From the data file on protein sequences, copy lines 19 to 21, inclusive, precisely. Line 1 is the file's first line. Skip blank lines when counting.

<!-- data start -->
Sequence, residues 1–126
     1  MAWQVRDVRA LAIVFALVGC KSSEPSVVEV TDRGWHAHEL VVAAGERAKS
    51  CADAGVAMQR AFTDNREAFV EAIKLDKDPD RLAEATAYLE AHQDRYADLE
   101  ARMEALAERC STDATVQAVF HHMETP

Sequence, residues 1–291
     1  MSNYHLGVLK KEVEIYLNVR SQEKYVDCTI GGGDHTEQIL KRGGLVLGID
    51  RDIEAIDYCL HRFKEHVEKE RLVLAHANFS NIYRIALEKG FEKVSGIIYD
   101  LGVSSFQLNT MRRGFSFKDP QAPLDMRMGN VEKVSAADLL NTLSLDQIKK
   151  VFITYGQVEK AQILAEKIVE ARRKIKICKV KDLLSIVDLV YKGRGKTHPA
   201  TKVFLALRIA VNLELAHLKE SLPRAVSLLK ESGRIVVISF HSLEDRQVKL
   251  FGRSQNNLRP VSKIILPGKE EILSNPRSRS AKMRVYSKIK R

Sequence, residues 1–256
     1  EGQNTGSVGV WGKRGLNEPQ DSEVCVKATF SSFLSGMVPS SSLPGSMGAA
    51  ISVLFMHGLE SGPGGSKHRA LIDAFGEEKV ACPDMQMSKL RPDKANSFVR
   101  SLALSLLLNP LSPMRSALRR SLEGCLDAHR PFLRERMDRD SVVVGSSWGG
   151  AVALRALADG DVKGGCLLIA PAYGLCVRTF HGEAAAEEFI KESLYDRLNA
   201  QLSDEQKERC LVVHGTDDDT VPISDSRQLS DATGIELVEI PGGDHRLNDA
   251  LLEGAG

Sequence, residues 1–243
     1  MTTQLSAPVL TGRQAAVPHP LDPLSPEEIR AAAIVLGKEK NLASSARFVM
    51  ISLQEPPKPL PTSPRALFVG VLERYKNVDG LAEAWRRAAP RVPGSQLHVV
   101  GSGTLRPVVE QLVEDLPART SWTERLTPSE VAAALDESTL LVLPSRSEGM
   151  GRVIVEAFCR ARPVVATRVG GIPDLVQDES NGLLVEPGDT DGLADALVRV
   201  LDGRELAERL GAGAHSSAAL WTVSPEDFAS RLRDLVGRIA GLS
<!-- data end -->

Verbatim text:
Sequence, residues 1–243
     1  MTTQLSAPVL TGRQAAVPHP LDPLSPEEIR AAAIVLGKEK NLASSARFVM
    51  ISLQEPPKPL PTSPRALFVG VLERYKNVDG LAEAWRRAAP RVPGSQLHVV